Ewen Cameron (soldier)

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Captain Ewen Cameron (1811- April 26, 1843) was an officer in the Republic of Texas army, and participated in the ill-fated Mier Expedition.

Cameron, who had migrated from Scotland to Kentucky, had come to Texas in 1836, arriving just after the Texas Revolution.

On December 26, 1842, The Mier Expedition was a failed raid on the Mexican border settlement of Ciudad Mier. Cameron and the Texans were taken prisoner and sent to a prison in Mexico. At Perote Prison, a jar containing 159 white beans and 17 black beans was presented to the Texan prisoners. Each man drew a bean from the jar. The 17 Texan prisoners who drew black beans were executed by Mexican firing squad. This is known as the Black Bean Episode.

Cameron had selected a white bean, which should have saved his life. Yet he had earned the hostility of Mexican Colonel Antonio Canales Rosillo for his role in his embarrassing defeat in the battle and escape attempts at the prison. Colonel Canales urged the Mexican dictator Antonio López de Santa Anna to have Cameron executed. On April 25, 1843 the prisoners who drew white beans were moved to Mexico City. As they neared the city, a courier arrived with orders from Santa Anna for Cameron's execution.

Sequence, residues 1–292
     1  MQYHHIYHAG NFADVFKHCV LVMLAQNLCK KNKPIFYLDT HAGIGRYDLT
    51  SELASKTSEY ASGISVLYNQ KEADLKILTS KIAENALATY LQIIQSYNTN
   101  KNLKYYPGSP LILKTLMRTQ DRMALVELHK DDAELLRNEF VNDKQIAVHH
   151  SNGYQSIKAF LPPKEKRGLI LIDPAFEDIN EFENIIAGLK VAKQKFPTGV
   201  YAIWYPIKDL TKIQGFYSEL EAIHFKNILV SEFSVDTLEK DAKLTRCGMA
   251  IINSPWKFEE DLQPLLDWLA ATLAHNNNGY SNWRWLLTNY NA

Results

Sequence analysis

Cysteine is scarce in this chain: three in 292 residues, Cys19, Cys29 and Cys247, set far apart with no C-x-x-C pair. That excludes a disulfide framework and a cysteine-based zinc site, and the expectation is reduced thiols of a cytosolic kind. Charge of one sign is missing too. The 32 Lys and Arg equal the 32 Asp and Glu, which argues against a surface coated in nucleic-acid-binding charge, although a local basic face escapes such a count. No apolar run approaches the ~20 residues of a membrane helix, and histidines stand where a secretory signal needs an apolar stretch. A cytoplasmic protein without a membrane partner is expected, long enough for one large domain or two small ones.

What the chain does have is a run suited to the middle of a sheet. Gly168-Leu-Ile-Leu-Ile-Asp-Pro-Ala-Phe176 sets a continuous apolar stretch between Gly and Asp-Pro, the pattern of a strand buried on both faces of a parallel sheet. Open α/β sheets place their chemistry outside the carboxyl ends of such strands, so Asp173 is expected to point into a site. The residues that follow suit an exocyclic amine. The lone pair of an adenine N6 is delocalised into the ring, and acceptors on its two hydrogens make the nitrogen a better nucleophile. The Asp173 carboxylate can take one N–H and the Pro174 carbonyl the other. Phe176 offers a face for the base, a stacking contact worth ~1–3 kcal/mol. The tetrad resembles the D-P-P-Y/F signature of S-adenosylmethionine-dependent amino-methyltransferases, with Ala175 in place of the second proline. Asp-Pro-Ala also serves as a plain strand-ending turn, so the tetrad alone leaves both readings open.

Cameron was shot by a Mexican firing squad at Perote Prison the next morning, April 26, 1843. Cameron refused to confess to a priest, and declined the offer of a blindfold, declaring, "For the liberty of Texas, Ewen Cameron can look death in the face." He then opened his hunting shirt and yelled at his executioners, "Fuego!" (Fire!)

Cameron and the other men executed in the Black Bean Episode were buried in Mexico. Their remains were later exhumed and re-interred atop Monument Hill, overlooking the town of La Grange in Fayette County, Texas. Their tomb is now part of the Monument Hill and Kreische Brewery State Historic Sites. Cameron County, Texas and Cameron, Texas are named for Ewen Cameron.

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